Sports Minister Sunday Dare (left) with sprinter, Enoch Adegoke after he ran 10.00seconds to win the 100m event in the ongoing National Trials at Yaba College of Technology, Lagos. Photo: GOWON AKPODONOR
No one could have written a better script for a sports movie than what is currently going on in real-life in the Athletics Federation of Nigeria (AFN).
As you read this, kindly clear your mind of any distractions in order to be able to follow the drama through the unending twists and turns that could make a reader dizzy.
Early this week, the lingering power struggle in Nigerian sports, specifically in the AFN, took a drama-filled turn.
To add to the suspense, the following occurred shortly after the intervention of World Athletics (WA), and the Confederation of African Athletics (CAA), the international bodies to which the AFN is affiliated. These bodies approve the statutes under which association elections are held. Both bodies had visited and departed the country, leaving behind a resolution that assured all Nigerians that a level playing field for contestants seeking to be part of a new executive board of the AFN had been created.
The tenure of the last board was to end on June 14, 2021, exactly four years since the last election, and new elections were due.
WA had approved that the 2017 constitution of the AFN should be used for the new elections, setting aside the 2019 constitution that had become very problematic because of the manipulation it suffered by narrow interests within the association.
In the past one week, there has been serious ‘katakata’ in AFN. Two different elections were held with two different delegations of stakeholders in Nigeria’s Track and Field Athletics.
Two different Presidents, backed by two powerful political leaders from the same party, the APC, have emerged, each claiming legitimacy.
One election took place in far away Birnin Kebbi, far from any prying eyes. It had an electorate of 22 persons. Alhaji Ibrahim Gusau, the embattled immediate-past President, was declared the winner.
The elections were observed and endorsed by a former Minister of Sports, who had left office two years before, and had been responsible for inaugurating the put-going board four years ago. His presence at the venue of the elections plus his verbal endorsement declaring the elections as legitimate and describing a second election that took place in Abuja, as a ‘trade fair event, was a new, unknown dimension in the annals of Nigerian sports. Past Minister’s usually never had anything to do with Federation elections, except, of course, if they had become stakeholders in the federation since leaving office, which is not the case here.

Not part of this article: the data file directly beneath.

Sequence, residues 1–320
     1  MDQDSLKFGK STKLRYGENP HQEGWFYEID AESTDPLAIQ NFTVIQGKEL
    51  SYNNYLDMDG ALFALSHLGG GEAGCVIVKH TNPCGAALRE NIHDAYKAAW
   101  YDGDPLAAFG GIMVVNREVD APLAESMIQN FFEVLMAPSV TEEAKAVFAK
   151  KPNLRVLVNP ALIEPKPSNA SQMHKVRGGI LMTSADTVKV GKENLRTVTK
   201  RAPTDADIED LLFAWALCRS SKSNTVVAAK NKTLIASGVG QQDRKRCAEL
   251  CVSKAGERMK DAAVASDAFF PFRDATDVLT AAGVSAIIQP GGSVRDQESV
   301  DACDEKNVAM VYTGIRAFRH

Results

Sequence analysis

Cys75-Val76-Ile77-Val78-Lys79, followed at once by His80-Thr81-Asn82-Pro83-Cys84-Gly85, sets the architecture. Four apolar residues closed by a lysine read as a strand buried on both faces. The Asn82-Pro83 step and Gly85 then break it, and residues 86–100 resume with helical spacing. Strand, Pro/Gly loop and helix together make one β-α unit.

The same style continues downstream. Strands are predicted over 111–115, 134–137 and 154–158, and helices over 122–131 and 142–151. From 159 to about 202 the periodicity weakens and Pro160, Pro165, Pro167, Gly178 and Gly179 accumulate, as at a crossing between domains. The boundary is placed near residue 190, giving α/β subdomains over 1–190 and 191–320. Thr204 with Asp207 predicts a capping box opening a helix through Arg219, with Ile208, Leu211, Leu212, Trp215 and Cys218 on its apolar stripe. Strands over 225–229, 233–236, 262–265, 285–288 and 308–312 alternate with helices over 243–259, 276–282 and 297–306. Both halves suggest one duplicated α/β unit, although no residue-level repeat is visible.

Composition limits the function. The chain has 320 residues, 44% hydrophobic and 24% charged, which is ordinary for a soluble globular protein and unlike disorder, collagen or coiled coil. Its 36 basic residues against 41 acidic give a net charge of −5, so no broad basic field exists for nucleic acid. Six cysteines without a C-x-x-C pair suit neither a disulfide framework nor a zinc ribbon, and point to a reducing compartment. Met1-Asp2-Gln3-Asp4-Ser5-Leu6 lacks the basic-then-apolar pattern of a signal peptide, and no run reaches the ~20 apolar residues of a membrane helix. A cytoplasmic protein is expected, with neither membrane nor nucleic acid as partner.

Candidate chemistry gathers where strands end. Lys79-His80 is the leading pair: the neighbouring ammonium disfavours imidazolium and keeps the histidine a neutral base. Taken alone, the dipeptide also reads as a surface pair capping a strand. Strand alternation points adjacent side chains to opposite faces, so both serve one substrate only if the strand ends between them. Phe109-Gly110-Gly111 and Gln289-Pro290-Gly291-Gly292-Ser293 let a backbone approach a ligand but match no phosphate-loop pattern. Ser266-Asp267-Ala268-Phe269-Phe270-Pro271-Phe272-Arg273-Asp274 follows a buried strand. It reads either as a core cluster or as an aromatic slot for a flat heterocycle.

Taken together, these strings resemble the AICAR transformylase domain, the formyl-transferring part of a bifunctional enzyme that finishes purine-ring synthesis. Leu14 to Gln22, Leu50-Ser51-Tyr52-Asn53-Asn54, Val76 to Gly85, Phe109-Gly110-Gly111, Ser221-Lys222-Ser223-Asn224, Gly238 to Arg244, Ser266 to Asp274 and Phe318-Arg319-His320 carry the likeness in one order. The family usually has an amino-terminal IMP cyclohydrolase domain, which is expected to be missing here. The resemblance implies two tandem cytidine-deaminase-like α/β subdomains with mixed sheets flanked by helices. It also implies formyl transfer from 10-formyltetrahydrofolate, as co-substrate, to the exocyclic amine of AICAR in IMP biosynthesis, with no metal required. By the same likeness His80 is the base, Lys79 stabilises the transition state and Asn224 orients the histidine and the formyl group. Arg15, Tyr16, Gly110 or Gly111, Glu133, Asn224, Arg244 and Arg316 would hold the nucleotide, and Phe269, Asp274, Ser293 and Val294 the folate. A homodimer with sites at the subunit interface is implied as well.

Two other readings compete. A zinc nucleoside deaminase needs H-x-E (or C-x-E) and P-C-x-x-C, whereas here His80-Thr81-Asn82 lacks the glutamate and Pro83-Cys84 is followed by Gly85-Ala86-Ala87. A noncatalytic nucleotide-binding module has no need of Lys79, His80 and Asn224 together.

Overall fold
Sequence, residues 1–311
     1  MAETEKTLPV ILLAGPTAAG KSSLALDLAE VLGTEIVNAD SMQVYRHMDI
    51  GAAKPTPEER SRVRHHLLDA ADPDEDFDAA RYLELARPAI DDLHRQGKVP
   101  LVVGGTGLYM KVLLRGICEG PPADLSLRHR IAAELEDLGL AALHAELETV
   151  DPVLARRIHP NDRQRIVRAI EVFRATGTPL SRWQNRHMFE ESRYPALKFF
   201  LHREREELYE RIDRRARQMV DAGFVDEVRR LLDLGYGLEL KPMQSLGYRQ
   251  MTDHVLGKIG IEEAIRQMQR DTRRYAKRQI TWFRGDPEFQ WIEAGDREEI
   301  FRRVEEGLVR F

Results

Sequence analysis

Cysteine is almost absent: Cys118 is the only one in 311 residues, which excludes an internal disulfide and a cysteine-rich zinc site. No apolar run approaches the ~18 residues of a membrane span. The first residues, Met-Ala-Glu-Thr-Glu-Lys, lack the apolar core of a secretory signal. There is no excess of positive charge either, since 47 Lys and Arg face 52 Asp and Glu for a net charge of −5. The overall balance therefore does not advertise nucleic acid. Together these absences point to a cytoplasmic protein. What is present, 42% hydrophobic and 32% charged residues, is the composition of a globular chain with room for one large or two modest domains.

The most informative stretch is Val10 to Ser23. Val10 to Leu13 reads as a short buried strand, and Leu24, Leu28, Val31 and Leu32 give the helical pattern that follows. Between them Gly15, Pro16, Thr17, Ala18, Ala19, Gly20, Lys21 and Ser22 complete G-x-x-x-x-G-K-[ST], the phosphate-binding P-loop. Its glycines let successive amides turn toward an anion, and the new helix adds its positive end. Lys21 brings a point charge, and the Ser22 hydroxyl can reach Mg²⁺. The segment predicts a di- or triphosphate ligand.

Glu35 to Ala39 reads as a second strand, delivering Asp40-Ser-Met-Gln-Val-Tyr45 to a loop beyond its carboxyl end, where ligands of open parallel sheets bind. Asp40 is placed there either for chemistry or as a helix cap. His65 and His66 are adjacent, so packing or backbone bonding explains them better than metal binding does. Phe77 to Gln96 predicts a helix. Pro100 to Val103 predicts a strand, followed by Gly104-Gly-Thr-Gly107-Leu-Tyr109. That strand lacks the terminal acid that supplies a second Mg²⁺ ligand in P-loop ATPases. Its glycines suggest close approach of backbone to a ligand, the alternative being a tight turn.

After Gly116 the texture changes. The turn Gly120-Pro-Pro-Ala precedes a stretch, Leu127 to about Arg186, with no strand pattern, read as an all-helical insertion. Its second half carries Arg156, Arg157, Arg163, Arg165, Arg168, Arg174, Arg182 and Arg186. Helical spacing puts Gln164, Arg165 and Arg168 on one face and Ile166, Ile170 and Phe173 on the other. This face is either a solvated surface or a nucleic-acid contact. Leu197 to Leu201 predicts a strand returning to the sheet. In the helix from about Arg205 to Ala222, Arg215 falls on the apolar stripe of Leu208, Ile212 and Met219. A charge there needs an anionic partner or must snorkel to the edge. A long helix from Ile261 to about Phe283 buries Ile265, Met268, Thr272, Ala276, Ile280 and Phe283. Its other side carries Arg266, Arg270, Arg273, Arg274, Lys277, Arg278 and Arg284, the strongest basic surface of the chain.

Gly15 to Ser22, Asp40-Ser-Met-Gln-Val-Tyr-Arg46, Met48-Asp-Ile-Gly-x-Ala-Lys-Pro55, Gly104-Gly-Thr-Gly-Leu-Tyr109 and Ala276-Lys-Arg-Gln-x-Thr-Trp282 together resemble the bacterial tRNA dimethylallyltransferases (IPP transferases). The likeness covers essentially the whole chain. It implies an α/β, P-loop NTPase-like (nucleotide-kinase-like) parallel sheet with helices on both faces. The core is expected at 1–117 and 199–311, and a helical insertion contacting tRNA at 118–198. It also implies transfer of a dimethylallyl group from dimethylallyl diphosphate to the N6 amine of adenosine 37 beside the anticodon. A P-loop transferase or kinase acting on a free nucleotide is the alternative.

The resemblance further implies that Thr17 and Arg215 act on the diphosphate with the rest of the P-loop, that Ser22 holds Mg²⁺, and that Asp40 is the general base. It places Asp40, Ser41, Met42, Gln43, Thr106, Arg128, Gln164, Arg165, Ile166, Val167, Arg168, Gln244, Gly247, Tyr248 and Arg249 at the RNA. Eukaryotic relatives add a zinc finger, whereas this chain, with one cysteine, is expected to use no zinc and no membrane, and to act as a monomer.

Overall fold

The second election took place in Abuja, in the head office of the AFN, inside the MKO Abiola stadium complex. The elections were monitored and supervised by the Ministry of Youth and Sports. A delegation of 46 stakeholders elected a new President (unopposed) for the association, Chief Tonobok Okowa, whose only credential in Athletics is a political appointment as Chairman of the Delta State Sports Commission, made possible because he is the younger brother to the governor of Delta State.
24 hours after the Abuja election, the current Minister of Sports, Chief Sunday Dare, inaugurated the board in accordance to a tradition that had been established in the country for decades.
Two boards of the AFN now exist each claiming legitimacy of their elections.
Alhaji Gusau dangles two court orders from the Federal High Court and the Federal Appeals court, both empowering him to call an Elective Congress of the AFN, and prevent the Ministry of Sports from interfering in matters of the ‘Independent’ federation, including in electoral matters.
The Sports Ministry dangles the 2017 Constitution of the same AFN, approved to be used by WA and CAA, to justify the election held in Abuja.